Strict confidentiality regarding submitted manuscripts must be maintained between the

editor and author except in which of the following circumstances?

a. when a prospective author is invited to write an editorial commenting on the submitted paper

b. when the editor or author considers it necessary to consult a governmental agency representative on a matter that requires notification by law

c. when an editor is investigating an allegation of alleged scientific misconduct against the author and needs to consult an institutional or funding authority

d. all of the above

Editor's Note: To maintain confidentiality, editors should deny requests or demands for confidential information during editorial evaluation, during peer review, and after publication from any third party, including readers, authors of other manuscripts, owners of the journal, publishing staff other than those essential to producing the journal in print/online, news media, advertisers, governmental agencies, academic institutions, commercial entities, and representatives of those seeking information for use in actual or threatened legal proceedings. Exceptions to this policy may be made in specific circumstances provided that disclosures are limited and that anyone else given access to confidential information agrees to keep the information confidential. Examples of exceptions include the following: (1) a prospective author who is invited by an editor to write an editorial commenting on a paper that has not yet been published; (2) a governmental agency representative consulted by the editor or author on a matter considered a public health emergency or a matter that by regulation requires notification (eg, serious adverse drug event); and (3) an institutional or funding authority requested by the editor to investigate an allegation of scientific misconduct related to a manuscript under consideration or a published article (§5.7.1, Confidentiality During Editorial Evaluation and Peer Review and After Publication, pp 218-222 in print).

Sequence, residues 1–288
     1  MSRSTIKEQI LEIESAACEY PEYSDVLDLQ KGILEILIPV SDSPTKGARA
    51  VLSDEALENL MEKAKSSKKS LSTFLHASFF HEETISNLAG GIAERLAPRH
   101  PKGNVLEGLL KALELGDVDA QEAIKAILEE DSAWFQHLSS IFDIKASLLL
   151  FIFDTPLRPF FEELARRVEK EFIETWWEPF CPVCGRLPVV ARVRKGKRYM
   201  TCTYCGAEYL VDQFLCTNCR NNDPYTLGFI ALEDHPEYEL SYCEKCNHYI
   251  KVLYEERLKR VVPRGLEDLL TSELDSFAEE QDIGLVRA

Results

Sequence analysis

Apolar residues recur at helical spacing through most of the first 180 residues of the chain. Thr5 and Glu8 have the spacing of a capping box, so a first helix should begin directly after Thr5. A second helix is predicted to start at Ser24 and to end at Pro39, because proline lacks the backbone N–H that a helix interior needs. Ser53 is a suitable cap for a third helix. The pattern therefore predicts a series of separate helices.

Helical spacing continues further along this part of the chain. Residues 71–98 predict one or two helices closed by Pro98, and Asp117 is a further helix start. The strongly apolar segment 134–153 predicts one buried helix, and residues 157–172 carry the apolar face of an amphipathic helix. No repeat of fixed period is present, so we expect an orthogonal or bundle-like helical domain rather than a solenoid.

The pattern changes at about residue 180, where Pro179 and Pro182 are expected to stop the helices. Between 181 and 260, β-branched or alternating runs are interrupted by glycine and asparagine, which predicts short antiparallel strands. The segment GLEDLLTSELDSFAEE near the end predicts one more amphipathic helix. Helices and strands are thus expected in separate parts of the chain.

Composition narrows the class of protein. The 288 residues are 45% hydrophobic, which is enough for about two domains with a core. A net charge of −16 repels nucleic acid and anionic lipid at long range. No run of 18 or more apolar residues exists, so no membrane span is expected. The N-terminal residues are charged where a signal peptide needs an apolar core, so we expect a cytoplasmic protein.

Which of the following is considered duplicate submission of previously published content?

a. poster previously presented at a meeting

b. abstract previously presented at a meeting

c. abstract previously published in a meeting program proceedings

d. complete manuscript previously published in a meeting program book/proceedings but only available to meeting participants

Editor's Note: Following the recommendations of the International Committee of Medical Journal Editors (ICMJE), a policy that prohibits or discourages duplicate publication does not preclude consideration of manuscripts that have been presented orally or in abstract or poster form at a professional meeting. However, publication of complete manuscripts in proceedings of such meetings in print or online may preclude consideration for publication in a primary-source journal (§5.3, Duplicate Publication, pp 148-149 in print).


Questions adapted from Ethical and Legal Considerations Quiz

by Laura King, MA, ELS 

Copyright © American Medical Association, 2010. For educational use only.